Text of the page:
As any player will tell you, distance is a near necessity when you’re fighting a pro Genji. “The first-person point of view and the pace of our game definitely lends itself to having at least some amount of range on a character, so melee gets really difficult and it’s not just for the person playing it; it can get really difficult for the people playing against it. At one point Genji was a melee character, he just ran out with his sword the whole time. Obviously he didn’t do as much damage as he does now for his ult, but he was the most frustrating character to play against. When he gets that close to you it can be very difficult to track him; he’s doing melee damage to you the whole time so it’s really easy for him to land hits and really hard for you to land them back.” A creative approach to the design of another close-up character would be near-necessity.
Outside of the push toward new content, Blizzard already has its hands full with the current roster. D.Va has oscillated between trash tier and god tier, whilst a double-Genji strategy became, at one point, almost impossible to counter. “When it starts getting into higher-level play and competitive play, the balancing is what can make or break some of these heroes. With McCree, there’s been a lot of back and forth and the way that we’ve described the balance of that hero is that he’s on a razor’s edge where just a tiny little shift can make him too powerful or like he’s not worth playing at all. At the same time our highest value is to make heroes fun and unique and powerful.”
There’s also the game’s slew of features outside of the heroes to consider: matchmaking, map design, and of course, the Play of the Game, a piece of tech unique to Overwatch. Replays of a match’s best moments have oscillated between the predictable (oh look, it’s Reaper again) and more recently, the underwhelming but varied. Blizzard is constantly looking at these features and attempting to bring them into a pleasing equilibrium. “Yeah that thing’s been difficult to tune and balance,” says Keller. ”We make all sorts of under-the-hood changes to that thing. Obviously it's a procedural system, so it’s very difficult to predict what it’s going to pick for PotG, especially because it’s dependent on what’s happened in any particular match. Sometimes it can feel like it’s all over the place but it’s something that we’re actively working on. We have a couple of initiatives coming up in the near-term where we’re hoping to not only address some of those issues but also make Play of the Game cooler.” What “cooler” means, Keller is unwilling to say, but at the moment it still feels like a feature which often disgruntles as much as it delights.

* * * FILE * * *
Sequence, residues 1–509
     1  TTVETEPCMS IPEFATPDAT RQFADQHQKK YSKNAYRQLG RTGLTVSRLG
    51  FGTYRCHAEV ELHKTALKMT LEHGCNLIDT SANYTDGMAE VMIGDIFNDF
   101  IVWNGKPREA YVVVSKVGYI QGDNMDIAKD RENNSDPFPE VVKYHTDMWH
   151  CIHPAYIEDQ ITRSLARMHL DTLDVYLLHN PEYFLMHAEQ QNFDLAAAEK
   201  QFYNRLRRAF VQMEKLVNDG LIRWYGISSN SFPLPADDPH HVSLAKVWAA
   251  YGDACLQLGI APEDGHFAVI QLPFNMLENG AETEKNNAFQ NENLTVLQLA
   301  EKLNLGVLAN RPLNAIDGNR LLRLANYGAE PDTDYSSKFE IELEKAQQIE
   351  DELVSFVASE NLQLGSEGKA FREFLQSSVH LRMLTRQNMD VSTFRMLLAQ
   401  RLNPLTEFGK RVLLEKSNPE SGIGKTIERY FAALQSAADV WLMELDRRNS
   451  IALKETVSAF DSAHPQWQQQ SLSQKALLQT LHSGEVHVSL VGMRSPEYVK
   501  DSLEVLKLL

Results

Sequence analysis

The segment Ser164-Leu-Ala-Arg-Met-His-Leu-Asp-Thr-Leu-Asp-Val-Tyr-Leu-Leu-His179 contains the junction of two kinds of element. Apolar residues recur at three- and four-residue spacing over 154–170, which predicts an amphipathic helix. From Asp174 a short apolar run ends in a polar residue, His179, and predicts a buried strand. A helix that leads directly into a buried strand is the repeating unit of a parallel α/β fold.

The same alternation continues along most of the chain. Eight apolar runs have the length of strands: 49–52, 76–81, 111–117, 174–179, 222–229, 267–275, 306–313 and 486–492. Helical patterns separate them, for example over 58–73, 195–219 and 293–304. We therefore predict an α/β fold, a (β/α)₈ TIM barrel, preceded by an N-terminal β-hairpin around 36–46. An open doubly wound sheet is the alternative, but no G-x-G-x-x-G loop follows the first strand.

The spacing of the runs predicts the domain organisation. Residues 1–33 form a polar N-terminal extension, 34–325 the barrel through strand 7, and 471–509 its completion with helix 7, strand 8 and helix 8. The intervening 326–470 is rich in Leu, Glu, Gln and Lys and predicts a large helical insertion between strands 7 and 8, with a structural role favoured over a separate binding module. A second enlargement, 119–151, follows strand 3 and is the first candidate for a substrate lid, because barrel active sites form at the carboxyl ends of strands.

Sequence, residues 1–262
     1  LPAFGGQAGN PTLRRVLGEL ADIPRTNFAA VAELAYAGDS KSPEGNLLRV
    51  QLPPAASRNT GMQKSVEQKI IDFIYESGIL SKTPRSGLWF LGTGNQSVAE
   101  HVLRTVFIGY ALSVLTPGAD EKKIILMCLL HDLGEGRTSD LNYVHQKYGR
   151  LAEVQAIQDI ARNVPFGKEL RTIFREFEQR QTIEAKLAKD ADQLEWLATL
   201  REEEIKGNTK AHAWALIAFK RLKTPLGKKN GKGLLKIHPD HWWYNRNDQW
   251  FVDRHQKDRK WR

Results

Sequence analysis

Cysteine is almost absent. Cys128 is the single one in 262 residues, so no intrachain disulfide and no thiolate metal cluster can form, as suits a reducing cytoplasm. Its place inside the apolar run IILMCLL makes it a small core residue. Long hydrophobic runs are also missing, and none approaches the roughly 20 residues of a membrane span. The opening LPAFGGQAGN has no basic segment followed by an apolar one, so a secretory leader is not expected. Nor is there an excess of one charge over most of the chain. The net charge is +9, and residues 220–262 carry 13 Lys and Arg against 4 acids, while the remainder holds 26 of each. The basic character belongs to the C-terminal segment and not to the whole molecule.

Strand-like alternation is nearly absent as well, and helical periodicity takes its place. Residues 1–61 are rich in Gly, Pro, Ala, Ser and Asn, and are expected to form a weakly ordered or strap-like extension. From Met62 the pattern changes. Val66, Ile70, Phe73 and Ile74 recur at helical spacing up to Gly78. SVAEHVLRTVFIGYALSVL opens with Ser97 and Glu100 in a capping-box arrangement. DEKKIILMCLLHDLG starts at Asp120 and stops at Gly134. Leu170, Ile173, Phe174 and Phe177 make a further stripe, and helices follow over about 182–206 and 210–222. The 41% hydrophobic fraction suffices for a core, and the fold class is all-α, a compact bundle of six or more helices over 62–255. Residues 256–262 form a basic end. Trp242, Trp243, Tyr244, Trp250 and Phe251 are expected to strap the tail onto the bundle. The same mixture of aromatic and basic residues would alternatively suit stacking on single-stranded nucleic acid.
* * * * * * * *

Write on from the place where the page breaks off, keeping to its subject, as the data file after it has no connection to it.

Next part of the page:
A short time with Keller gives the impression that Blizzard has its hands on a million tiny dials which it is slowly spinning up or down at the appropriate moment. The future holds new heroes, new maps, and maybe if we’re lucky, a few new game modes, but it’s the other half of this task—the balancing of the scales—which will allow Overwatch to hold its own against the imminent arrival of blockbuster shooters like Battlefield 1 and Titanfall 2. Even without the added pressure of these newcomers, CS:GO is lurking on the sidelines, ready to steal away players as its esports empire continues to grow. Overwatch must ensure that it's true strengths—variety, balance, and sheer joyfulness—are all on point as it moves past the honeymoon period and sets up for the long haul ahead.